India: IL&FS saga sets stage for tighter regulations for non-bank financiers

Photo: Reuters

The fastest pace of growth since 2013 at India’s non-bank financiers is about to come to a grinding halt.

A spate of money market defaults by Infrastructure Leasing & Financial Services Ltd. has put the spotlight on non-bank finance companies. With banks struggling with bad loans and low capital buffers, non-bank lenders had rushed to tap demand for long-term financing to build roads, power plants and homes. But these lenders borrowed from the short-term money markets to finance long-term loans, raising the risk of defaults should cash flows take a hit.

The central bank last week warned stricter regulations are in the offing to ward off default risks rising from the so-called asset liability mismatch. Depending on short-term debt to garner a bigger share of the South Asian nation’s lending market is a “myopic strategy,” Reserve Bank of India Deputy Governor Viral Acharya said in a briefing on Friday. The regulator is looking at strengthening guidelines for non-bank lenders to avoid “rollover risks,” Deputy Governor NS Vishwanathan said.

Borrowing rates in India’s money markets climbed to a four-year high this month following IL&FS’s defaults. Non-bank lenders have been hit by the rise in funding costs and by caution among mutual funds in buying more of their debt. Stricter rules at a juncture when funding is becoming difficult may force smaller NBFCs to shut.

As investors focus on non-bank financiers “it is creating incentives for bond fund managers to not buy NBFC paper,” Neelkanth Mishra, strategist at Credit Suisse Group AG in Mumbai said in an interview with BloombergQuint. “For some of the smaller NBFCs there is going to be no option to survive. The good thing is that, systemically it doesn’t matter. It hurts those firms, which is fine.”

Fears of rising costs and tougher regulations led to a selloff in non-bank finance companies on Monday. Edelweiss Financial Services Ltd., IIFL Holdings Ltd. and Magma Fincorp Ltd. slumped more than eight percent in Mumbai trading on Monday. Analysts are concerned they may fall further.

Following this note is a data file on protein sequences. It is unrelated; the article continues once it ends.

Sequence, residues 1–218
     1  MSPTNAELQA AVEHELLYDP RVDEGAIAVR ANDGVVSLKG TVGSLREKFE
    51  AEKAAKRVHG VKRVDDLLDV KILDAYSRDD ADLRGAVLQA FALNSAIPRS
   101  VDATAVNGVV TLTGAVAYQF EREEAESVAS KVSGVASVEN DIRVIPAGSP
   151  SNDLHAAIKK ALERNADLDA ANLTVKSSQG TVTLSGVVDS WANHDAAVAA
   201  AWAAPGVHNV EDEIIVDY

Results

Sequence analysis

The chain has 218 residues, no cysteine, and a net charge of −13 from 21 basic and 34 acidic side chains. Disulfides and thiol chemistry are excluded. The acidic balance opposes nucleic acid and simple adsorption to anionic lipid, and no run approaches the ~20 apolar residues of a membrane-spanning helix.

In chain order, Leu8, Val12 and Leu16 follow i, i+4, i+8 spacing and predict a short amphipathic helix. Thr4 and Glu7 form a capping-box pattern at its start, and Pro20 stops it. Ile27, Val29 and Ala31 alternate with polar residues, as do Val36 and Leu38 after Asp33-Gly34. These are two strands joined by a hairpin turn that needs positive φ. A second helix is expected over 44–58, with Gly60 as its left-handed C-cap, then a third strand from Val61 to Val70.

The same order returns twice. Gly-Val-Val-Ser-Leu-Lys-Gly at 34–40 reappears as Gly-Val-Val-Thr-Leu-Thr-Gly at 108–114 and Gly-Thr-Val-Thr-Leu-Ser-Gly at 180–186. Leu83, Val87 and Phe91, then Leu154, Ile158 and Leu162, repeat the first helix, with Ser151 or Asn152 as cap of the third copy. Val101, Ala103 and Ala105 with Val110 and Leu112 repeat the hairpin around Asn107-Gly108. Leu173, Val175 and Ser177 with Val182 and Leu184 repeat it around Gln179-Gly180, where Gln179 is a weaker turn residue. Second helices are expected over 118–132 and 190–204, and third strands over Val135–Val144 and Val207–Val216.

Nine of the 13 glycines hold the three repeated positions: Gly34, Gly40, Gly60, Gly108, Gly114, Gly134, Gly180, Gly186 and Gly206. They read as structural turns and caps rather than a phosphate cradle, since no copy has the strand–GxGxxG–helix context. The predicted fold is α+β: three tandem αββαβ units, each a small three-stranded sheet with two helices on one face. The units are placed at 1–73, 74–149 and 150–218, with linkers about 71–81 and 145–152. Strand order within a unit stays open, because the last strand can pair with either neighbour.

Non-bank finance companies expanded their assets by an average 18 percent over the past year, according to data compiled by Bloomberg. IL&FS, a huge borrower, accounted for 2 percent of outstanding commercial paper, 1 percent of debentures and as much as 0.7 percent of banking system loans. It amassed debt of $12.6 billion as of March 31. Defaults at the company cased panic in the market prompting the government to seize control of the lender last week.

“Firms will need to raise retail bonds to maintain the growth rates but there would be an increase in the cost of funds,” said Umesh Revankar, managing director at Shriram Transport Finance Co., adding that his company focuses on retail and long-term funds.

Non-bank financiers, atleast 248 of which are considered systemically important by RBI, say the crisis has hit them at a very inopportune time. Borrowings rise as India enters into the busy festival and wedding season in October. Buyers of homes, vehicles and even farm and factory equipment may slow purchases. This could also pose challenges to Prime Minister Narendra Modi’s efforts to bolster the economy and create more jobs before he seeks re-election next year.

“My worst fear is prolonged doubts and impression on this sector may increase borrowing and lending rates, that too during the festive period,” Shriram’s Revankar said. It will slow down the economy, he said.

Also Read:

India: Debt-ridden IL&FS saw spate of top-level exits way ahead of crisis

IL&FS new board mulls various options to revive debt-laden entity

Bloomberg

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Singapore Reporter/s

In Singapore, we are looking to double our reporting team by this year-end to comprehensively cover the fast-moving world of funded startups and VC, PE & M&A deals. We want reporters who can tell our readers what is really happening in these sectors and why it matters to markets, companies and consumers. The ability to write precisely and urgently is crucial for these roles. Ideal candidates must have to ability to work in a collaborative, dynamic, and fast-changing environment. We want our new hires to be digitally savvy and ready to experiment with new forms of storytelling. Most importantly, we are looking for hard-hitting reporters who work well in a team. Collaboration and collegiality are a must.

Following vacancies can be applied for (only in Singapore).

Following vacancies can be applied for (only in Singapore).   

  • A reporter to track companies/startups that have raised private capital, and have the potential to become unicorns. SEA currently has over 40 companies with a valuation of over $100 million and under $1 billion.
  • A reporter who can get behind the scenes and reveal how funding rounds are put together, or why they’ve failed to materialise. She/he in this role will largely focus on long-format stories. 
  • A journalist to track special situations funds, distressed debt and private credit (from the PE angle) across Asia.